Gregor Kleinknecht: The Bank of Mum and Dad
When I took the first tentative steps on the property ladder many years ago, buying your first home was difficult but achievable: property prices were much lower than they are now, loan to value mortgages of 120 per cent were on offer for solicitors, and generous multiples of income were applied to the amounts lent. These days are long gone. Now high property prices, deposits of up to 40 per cent and strict lending criteria are the order of the day.
TEXT: GREGOR KLEINKNECHT| PHOTO © GREGOR KLEINKNECHT, PEXELS
As a result, many first-time buyers are now more than ever dependent on financial support from parents and the so-called ‘bank of mum and dad’ has become a major player in UK property transactions. According to data released by Legal & General in 2016, 25 per cent of all homeowners received help from family and friends to buy the property they live in, a figure which increases to 32 per cent for London homeowners and to 57 per cent for those under 35.
Given the prevalence and value of such transactions, it is a good idea to obtain professional advice in advance on how they should be structured from a tax and asset protection perspective. There are broadly the following main options for parents to assist their children: (1) buying a second property in the parents’ names and letting it to the children through, for example, an Assured Shorthold Tenancy; (2) purchasing it jointly with their child; (3) giving their child the funds to purchase the property; (4) lending the funds to the child on an arm’s-length basis and on commercial terms; and (5) using a trust to purchase the property.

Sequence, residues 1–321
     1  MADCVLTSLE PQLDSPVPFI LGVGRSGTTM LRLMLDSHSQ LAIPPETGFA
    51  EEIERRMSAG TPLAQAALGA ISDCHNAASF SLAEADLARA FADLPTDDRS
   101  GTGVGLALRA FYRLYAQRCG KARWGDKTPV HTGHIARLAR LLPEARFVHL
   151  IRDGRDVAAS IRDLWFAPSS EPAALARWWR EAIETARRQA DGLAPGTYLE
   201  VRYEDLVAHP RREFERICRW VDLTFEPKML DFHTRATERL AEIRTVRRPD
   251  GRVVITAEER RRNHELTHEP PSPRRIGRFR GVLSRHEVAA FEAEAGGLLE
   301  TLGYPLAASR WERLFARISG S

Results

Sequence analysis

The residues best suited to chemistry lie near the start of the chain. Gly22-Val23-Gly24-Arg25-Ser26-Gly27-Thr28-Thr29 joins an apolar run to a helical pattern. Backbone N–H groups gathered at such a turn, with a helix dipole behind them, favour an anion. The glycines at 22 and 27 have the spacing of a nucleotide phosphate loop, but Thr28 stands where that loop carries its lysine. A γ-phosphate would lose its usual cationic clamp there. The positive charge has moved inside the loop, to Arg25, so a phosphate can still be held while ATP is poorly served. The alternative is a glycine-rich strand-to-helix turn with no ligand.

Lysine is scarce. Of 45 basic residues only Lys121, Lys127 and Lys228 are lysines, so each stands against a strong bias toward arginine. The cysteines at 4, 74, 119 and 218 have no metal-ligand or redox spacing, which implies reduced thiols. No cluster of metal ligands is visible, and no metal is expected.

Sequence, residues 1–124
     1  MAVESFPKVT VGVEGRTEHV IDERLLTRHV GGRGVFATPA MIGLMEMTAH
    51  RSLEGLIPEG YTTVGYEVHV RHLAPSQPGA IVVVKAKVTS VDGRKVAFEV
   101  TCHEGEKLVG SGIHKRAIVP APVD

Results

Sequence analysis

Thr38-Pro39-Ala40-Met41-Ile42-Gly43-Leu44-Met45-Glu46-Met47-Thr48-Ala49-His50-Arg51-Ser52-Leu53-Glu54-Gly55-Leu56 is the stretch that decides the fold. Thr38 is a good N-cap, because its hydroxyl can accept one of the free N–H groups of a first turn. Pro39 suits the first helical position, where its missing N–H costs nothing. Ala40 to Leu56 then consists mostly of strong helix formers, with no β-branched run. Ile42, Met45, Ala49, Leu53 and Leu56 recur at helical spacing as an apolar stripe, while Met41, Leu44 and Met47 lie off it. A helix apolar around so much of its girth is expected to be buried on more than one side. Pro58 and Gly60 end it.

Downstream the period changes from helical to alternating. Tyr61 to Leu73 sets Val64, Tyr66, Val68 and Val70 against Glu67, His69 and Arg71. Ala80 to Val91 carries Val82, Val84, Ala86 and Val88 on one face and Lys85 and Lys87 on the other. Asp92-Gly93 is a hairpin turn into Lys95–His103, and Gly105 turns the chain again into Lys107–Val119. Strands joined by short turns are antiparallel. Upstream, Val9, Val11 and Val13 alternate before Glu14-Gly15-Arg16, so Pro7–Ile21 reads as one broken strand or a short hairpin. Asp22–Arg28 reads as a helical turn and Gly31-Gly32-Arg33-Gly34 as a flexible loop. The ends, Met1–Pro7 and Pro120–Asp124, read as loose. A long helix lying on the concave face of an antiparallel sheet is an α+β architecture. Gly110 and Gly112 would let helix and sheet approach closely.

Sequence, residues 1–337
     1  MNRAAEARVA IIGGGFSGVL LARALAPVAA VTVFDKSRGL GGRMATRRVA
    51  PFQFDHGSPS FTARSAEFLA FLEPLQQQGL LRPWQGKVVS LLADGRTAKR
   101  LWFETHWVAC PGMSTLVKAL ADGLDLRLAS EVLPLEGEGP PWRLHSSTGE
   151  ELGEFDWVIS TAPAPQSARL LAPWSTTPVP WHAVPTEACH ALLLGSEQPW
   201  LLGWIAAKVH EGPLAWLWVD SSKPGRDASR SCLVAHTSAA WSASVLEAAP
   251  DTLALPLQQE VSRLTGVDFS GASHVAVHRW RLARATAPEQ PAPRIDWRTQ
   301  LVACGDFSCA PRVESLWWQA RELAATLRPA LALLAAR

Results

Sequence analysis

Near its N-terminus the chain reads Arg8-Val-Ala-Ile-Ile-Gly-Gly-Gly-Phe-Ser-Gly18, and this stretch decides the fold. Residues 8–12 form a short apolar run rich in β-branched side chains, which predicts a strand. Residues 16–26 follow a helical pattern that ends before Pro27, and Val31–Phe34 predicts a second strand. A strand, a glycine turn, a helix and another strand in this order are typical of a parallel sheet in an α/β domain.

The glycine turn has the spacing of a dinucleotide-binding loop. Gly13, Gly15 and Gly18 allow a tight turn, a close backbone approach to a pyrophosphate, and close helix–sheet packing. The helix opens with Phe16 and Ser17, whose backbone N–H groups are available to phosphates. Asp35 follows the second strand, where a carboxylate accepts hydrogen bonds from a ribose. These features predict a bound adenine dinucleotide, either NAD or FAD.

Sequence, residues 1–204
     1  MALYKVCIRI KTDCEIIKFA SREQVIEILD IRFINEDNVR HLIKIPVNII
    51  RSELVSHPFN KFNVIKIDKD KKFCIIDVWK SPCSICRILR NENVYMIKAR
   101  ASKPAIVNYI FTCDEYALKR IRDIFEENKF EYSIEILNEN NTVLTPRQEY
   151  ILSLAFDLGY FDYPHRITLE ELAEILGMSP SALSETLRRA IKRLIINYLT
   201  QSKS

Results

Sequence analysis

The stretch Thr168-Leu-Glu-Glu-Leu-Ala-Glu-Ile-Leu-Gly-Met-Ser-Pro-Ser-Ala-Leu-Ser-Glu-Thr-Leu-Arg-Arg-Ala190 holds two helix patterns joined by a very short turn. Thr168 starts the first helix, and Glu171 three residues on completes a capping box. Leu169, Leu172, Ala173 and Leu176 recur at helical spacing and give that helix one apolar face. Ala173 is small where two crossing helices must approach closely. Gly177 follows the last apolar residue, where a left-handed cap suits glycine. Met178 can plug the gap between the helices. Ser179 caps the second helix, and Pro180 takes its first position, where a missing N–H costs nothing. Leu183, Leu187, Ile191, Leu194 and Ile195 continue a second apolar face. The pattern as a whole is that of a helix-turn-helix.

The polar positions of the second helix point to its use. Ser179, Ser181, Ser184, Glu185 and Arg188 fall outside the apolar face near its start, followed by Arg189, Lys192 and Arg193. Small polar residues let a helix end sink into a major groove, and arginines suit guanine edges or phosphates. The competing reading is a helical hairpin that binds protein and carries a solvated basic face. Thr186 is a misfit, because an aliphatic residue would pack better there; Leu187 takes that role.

Depending on the individual circumstances of each case, these options will have implications for inheritance tax planning, income tax payable by the parents or trustees on rental income, the amount of Stamp Duty Land Tax payable on the transaction, capital gains tax payable on a subsequent sale of the property, and asset protection in the event that the relationship between the child and his or her partner should later break down. There is no on-size-fits-all solution and advising on these matters will involve a combination of private client, tax, family and property law expertise. If these considerations are properly balanced, both parents and children can be rest assured that they have struck the most tax-efficient deal and future proofed themselves to the extent possible.
I am grateful to my partner Graeme Fraser in our family law department and James Vernor-Miles in our residential property team for their input and assistance with this column.
Gregor Kleinknecht LLM MCIArb
is a German Rechtsanwalt and English solicitor, and a partner at Hunters Solicitors, a leading law firm in Central London.
Hunters Solicitors, 9 New Square, Lincoln’s Inn, London WC2A 3QN,
Disclaimer: The views and opinions expressed in this column are those of the author and do not necessarily reflect the official policy or position of Discover Germany Magazine.’
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